Forum · Ruby

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[-] Ruby +0 points · over 2 years ago

I am brand-new to this site and excited to be here. There isn't really anyone I can talk to about sleep apnea. I can give background if asked for but first I have a question. Does anyone else think that using a CPAP has not helped them? I have had sleep studies that show my mask and machine are doing their job but in 5 years I cannot tell that I feel any better. Does anyone else have that problem?

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[-] Pat +0 points · over 2 years ago

Yes Ruby, I also don't feel as well as promised. My mother got diagnosed first and she had wonderful results. She's wide awake all day and she lost weight. I still fall asleep at random times and haven't lost a pound.

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[-] MakeSleepAPriority +0 points · over 2 years ago

Good discussion, welcome. I'm wondering if your apnea was mild. Sometimes we don't notice much of a difference. Our heart and brain do but don't have a way to tell us! Anyone else have a similar experience?

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[-] Ruby +0 points · over 2 years ago

Actually they called it hypopnea. My breathing gets shallow so my oxygen levels drop. But this is the way they are treating it and I haven't come across any other information that I could take to my doctor. At least I know my brain and heart are being helped!

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[-] Pat +0 points · over 2 years ago

That's great Ruby, you need your heart and brain to function at top levels. I've never heard of hypopnea. My sleep apnea is far from mild. It's severe enough to make my life miserable. I've taken all the current meds available to stay awake during the day but nothing worked. Most made me fall asleep faster, even standing up during the day. Nasty falls from doing that. I've had my oxygen levels tested at night numerous times and I always pass with flying colors....@98 %. I believe it's the mask/nasal pillows I'm using, nothing stays in place all night. Very depressing.

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[-] MakeSleepAPriority +0 points · over 2 years ago

Sometimes more than one sleep disorder exist together. In the case of apnea, it is not unusual for it to be most prominent and the other disorder only shows after apnea is treated. Maybe the apnea IS treated and another disorder is causing the sleepiness. Sounds dangerous if you fall. It's a good idea to check with the sleep doctor when sleepiness doesn't improve.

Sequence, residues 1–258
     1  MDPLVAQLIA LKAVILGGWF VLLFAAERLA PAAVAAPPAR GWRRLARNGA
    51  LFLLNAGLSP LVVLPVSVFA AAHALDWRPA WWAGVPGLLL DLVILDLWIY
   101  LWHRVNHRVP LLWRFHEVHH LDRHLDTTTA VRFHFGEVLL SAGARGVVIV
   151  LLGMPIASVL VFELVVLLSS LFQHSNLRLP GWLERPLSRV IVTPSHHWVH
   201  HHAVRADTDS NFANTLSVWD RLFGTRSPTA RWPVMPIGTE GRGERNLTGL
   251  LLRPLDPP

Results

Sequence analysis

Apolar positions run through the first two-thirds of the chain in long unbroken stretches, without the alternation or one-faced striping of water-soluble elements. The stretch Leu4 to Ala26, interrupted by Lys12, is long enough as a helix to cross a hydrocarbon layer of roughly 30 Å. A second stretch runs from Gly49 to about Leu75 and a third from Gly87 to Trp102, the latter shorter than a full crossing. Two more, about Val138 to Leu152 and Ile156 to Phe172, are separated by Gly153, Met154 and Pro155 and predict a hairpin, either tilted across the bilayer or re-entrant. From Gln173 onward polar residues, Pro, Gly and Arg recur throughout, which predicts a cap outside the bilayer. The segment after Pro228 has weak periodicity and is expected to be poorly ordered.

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[-] Pat +0 points · over 2 years ago

I will mention this to the sleep doc when I see him again in March. A huge problem is getting an appointment with the doc. I'm a patient in a large group of doctors....including most specialists. Unfortunately the sleep doc seems to change a lot. Right now I'm referred to a Pulmonologist. I'd rather be seen by someone who deals strictly with sleep apnea. I'm going to make an appointment out of network with an ENT doc who specializes in sleep apnea. He is one of a few doctors who perform the surgery with the implant in the chest that helps sleep apnea patients get off the C-Pap machine. Sorry to be rambling on like this. TMI I know. I'm frustrated that I can't seem to find the answers to what ails me. I've fallen out of a lot of chairs by falling asleep, out of bed numerous times. And no doctor I've seen seems concerned by this. No wonder I'm angry and depressed. Thank you for the suggestion about an underlying disorder.

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[-] MakeSleepAPriority +0 points · over 2 years ago

Perhaps you could get in sooner at another sleep doctor. Safety first!!!! Many of the stories in the forum are about struggling with treatment or not getting the outcomes expected (symptoms improve). I have a question about poor outcomes for the forum participants. What keeps people from expecting good outcomes and working with their doctors and other healthcare providers to get there? Why is it acceptable to struggle with treatment or symptoms that remain? Why do you think so many report seeing several doctors before they get help and a good outcome?

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[-] Ruby +0 points · over 2 years ago

Here are some of the answers I have for your questions. These are just from my experiences with apnea and Restless Leg Syndrome.

  1. Not all doctors are that familiar with the problem. It takes time, patience, and money to find a doctor who will listen and take appropriate steps. If you don't have a good insurance provider, you may be stuck with the doctors they provide.
  2. Patients are not always able to describe their symptoms well enough for a doctor to understand the problem.
  3. Many people think the doctor knows best and don't tell them that things aren't working. At the same time, their are doctors who feel they DO know best and that their patient is either a hypochondriac or imaging things.

I feel that each person has to become very educated about their problem. Enough so that they can ask intelligent questions and insist that doctors pay attention to what they say. You need to be your own advocate and a big part in finding solutions. It does get frustrating when doctors and family just don't get it.

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[-] MakeSleepAPriority +0 points · over 2 years ago

You provided some great insights Ruby. Thank you. I think your last is most important. Taking responsibility to be your own advocate and do your part to make treatment successful is KEY. It should be a partnership with your doctor and you have to be an active participant.

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